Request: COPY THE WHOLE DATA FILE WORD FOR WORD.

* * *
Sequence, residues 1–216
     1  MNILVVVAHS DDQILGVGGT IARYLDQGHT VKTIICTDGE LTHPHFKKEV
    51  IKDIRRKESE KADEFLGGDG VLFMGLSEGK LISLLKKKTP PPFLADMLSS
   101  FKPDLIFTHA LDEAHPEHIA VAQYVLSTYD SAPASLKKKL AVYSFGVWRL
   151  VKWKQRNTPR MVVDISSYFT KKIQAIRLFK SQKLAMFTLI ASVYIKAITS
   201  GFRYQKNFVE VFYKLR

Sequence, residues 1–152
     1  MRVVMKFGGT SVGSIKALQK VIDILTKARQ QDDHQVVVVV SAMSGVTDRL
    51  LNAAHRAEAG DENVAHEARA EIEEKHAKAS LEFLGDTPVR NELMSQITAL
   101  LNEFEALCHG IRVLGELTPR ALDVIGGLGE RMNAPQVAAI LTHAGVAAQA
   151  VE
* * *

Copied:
Sequence, residues 1–216
     1  MNILVVVAHS DDQILGVGGT IARYLDQGHT VKTIICTDGE LTHPHFKKEV
    51  IKDIRRKESE KADEFLGGDG VLFMGLSEGK LISLLKKKTP PPFLADMLSS
   101  FKPDLIFTHA LDEAHPEHIA VAQYVLSTYD SAPASLKKKL AVYSFGVWRL
   151  VKWKQRNTPR MVVDISSYFT KKIQAIRLFK SQKLAMFTLI ASVYIKAITS
   201  GFRYQKNFVE VFYKLR

Sequence, residues 1–152
     1  MRVVMKFGGT SVGSIKALQK VIDILTKARQ QDDHQVVVVV SAMSGVTDRL
    51  LNAAHRAEAG DENVAHEARA EIEEKHAKAS LEFLGDTPVR NELMSQITAL
   101  LNEFEALCHG IRVLGELTPR ALDVIGGLGE RMNAPQVAAI LTHAGVAAQA
   151  VE